Stream of conciousness

This style, used throughout the novel, refers to the use of seemingly disjointed ideas and episodes used in a pseudorandom and highly structured way which is used to illustrate a theme.


The Catcher in the Rye has been shrouded in controversy almost since its beginning. The main reasons for banning it have been the use of offensive language, premarital sex, alcohol abuse, and prostitution. According to some extremist theories the book is the FBI's or CIA's tool for mind control.

Mark David Chapman, murderer of musician John Lennon, was carrying the book when he was arrested immediately after the murder and referred to it in his statement to police shortly thereafter. [2] (

Even though many people like Mark David Chapman and John Hinckley Jr. (Reagan's would-be assassin) have been known to carry this novel, there is a possible and logical reason for this, and not because they are "crazy". For the most part, these "crazy" people love this book because of the main character Holden Caulfield. Throughout the story, Holden is portrayed as a juvenile who rejects and is rejected by many peers and individuals. From this perspective, people like Chapman and Hinckley come to deeply relate themselves to Holden, the person that nobody understands and that can't understand anybody else.

Referring back to a disputed question about this novel; is Holden a hero to be admired? This is where the serial killer relation comes into play. Those who have been known to be obsessed with this story and have gone on to commit criminal acts have done so not because they wish to for the sake of it but rather to glorify the character of Holden. These criminals believe that they personify Holden and that by doing something significant, they will make a hero out of Holden. Quoting Mark David Chapman, "I wanted to become just as famous as John Lennon."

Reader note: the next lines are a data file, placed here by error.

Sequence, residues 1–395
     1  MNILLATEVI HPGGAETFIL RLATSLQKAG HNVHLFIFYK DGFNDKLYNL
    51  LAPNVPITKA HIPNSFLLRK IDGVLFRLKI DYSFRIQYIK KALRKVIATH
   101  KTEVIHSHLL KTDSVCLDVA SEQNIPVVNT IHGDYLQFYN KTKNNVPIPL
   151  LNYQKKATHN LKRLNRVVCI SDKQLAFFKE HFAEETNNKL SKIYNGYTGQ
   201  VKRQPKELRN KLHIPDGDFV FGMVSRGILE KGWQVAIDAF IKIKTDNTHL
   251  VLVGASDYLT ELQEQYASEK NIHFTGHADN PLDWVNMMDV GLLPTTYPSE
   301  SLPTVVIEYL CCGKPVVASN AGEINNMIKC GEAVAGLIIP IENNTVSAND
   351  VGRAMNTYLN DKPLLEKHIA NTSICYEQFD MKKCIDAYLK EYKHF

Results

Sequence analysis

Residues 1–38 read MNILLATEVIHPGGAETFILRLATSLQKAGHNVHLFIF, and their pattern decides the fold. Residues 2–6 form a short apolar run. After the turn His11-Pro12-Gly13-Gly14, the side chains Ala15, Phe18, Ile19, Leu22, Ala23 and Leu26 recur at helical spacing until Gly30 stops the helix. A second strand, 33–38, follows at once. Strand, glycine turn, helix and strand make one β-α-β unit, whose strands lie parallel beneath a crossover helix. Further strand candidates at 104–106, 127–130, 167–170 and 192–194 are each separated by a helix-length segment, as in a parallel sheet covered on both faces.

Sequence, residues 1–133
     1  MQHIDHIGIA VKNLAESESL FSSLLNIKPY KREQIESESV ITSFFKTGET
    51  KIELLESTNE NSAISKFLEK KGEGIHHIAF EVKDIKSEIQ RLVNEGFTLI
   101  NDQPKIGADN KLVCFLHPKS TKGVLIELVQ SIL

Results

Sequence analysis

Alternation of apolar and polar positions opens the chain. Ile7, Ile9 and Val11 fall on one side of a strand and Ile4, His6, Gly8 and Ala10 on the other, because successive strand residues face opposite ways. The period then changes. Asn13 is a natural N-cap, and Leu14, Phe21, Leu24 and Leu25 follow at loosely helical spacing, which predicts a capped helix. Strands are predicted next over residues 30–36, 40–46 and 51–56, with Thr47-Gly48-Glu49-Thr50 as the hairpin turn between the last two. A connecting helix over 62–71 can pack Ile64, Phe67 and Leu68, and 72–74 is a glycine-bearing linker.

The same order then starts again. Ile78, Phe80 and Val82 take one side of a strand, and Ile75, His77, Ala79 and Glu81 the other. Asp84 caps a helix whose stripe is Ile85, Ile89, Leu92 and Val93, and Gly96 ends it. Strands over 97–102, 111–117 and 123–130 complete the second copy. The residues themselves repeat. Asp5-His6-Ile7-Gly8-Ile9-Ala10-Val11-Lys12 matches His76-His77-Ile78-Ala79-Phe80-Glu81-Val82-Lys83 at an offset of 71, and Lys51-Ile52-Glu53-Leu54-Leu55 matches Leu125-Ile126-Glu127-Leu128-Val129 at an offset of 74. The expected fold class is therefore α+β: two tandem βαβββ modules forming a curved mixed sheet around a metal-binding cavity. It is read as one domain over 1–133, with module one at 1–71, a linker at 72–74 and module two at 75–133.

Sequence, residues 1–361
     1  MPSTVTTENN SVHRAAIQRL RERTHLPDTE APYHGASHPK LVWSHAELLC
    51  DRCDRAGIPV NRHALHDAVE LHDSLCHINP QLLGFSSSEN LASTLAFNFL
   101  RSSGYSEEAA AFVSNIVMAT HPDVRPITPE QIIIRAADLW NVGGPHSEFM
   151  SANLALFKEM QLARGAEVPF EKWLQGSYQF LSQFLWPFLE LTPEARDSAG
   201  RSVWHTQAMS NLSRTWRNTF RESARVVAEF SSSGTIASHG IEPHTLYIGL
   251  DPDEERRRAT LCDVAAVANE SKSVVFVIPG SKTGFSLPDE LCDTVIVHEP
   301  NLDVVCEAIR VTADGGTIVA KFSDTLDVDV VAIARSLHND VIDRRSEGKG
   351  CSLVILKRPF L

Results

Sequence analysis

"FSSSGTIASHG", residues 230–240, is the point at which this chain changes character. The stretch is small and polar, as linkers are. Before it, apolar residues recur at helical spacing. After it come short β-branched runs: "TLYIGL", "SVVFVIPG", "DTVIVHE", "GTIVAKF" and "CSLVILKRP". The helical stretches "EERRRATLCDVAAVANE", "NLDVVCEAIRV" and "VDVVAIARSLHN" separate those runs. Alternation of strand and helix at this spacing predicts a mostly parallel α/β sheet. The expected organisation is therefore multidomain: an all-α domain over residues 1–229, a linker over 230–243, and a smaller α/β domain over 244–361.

The 1997 film Conspiracy Theory, featuring Mel Gibson, uses the book quite prominently, although it does not explicitly link the book's content to the theme of mind control.

In the 1993 film Six Degrees of Separation, the character Paul (played by Will Smith) pretends to be writing a thesis on the book and gives a brief analysis of it.

The anime series Ghost in the Shell: Stand Alone Complex has references to the book throughout the series. The main story arc involves the case of a cyber-terrorist known as The Laughing Man, whose name is taken from one of Salinger's short stories, and the use of symbolism referring to the novel as well as some quotes of it. The most notable quote is the one plastered on the Laughing Man's logo: "I thought what I'd do was pretend I was one of those deaf-mutes".